Early COVID-19 lockdown had less impact on urban air quality than first believed
January 18 - February 28
The first COVID-19 lockdowns led to significant changes in urban air pollution levels in major cities around the world, but the changes were smaller than expected – a new study reveals.
After developing new corrections for the impact of weather and seasonal trends, such as reduced NO2 emissions from winter to summer, the researchers evaluated changes in ambient NO2, O3 and fine particle (PM2.5) concentrations arising from lockdown emission changes in 11 global cities: Beijing, Wuhan, Milan, Rome, Madrid, London, Paris, Berlin, New York, Los Angeles and Delhi.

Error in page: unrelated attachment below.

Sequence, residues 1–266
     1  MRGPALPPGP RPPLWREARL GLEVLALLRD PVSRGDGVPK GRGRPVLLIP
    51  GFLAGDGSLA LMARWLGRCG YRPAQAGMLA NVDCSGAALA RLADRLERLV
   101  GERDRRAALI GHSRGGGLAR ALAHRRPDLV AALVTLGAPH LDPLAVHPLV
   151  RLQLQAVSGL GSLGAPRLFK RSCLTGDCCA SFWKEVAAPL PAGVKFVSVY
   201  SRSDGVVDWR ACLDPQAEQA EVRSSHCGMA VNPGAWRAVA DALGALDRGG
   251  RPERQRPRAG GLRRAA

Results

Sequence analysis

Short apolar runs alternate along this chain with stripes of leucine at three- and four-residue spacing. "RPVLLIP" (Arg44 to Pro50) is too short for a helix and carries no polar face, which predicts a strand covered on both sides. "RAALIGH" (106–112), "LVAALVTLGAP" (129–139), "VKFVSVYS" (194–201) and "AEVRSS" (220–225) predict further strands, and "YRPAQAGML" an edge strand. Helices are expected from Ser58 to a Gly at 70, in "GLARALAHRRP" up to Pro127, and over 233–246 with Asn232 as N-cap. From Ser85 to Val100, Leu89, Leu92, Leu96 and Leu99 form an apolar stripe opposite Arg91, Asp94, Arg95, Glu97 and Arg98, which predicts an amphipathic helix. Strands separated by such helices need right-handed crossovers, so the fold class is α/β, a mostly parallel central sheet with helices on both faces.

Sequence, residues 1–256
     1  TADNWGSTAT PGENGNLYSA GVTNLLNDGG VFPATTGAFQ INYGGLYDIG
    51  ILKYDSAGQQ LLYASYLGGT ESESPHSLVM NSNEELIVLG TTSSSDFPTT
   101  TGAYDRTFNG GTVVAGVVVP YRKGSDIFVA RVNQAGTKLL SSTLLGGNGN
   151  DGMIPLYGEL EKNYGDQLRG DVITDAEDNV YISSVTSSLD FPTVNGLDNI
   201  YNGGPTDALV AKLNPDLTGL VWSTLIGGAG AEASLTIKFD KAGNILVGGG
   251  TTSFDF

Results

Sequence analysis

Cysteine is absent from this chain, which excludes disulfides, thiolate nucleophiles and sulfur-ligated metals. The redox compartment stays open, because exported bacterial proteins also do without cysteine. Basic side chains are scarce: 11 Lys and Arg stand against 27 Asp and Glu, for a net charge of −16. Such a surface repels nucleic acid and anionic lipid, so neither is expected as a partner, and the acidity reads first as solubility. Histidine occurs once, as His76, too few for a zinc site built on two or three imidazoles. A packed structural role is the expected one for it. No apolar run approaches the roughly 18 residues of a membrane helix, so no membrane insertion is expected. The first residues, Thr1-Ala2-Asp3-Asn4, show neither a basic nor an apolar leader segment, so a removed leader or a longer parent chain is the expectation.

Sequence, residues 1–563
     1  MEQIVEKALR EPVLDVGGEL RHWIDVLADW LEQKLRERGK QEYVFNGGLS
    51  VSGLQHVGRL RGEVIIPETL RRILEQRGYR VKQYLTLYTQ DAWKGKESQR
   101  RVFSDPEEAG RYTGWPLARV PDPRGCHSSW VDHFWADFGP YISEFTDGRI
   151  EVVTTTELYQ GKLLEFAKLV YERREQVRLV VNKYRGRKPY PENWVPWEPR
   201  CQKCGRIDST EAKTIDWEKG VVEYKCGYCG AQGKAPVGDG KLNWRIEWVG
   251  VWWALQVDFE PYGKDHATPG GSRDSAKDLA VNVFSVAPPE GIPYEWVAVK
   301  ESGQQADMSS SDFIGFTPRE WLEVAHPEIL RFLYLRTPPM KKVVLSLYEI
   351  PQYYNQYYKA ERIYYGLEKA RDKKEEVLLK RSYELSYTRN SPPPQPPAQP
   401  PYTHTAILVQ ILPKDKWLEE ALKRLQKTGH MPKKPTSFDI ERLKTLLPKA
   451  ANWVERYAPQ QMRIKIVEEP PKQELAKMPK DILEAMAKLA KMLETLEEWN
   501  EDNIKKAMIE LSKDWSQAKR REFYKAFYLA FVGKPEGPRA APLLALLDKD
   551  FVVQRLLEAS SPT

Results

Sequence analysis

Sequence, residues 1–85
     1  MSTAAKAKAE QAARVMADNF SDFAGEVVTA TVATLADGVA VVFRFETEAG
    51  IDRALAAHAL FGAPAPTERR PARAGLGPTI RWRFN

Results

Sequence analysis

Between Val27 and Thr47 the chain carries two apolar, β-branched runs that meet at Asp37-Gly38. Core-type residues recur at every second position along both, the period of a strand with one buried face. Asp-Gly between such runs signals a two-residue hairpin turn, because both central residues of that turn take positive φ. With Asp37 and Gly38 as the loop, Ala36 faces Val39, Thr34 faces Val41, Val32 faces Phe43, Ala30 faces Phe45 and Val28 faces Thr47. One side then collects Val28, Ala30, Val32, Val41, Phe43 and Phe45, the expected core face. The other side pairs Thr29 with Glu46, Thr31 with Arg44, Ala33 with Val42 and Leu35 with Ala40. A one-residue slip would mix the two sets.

Led by experts at the University of Birmingham, the international team of scientists discovered that the beneficial reductions in NO2 due to the lockdowns were smaller than expected, after removing the effects of weather. In parallel, the lockdowns caused (weather-corrected) concentrations of ozone in cities to increase.
NO2 is a key air pollutant from traffic emissions, associated with respiratory problems, while ozone is also harmful to health, and damages crops.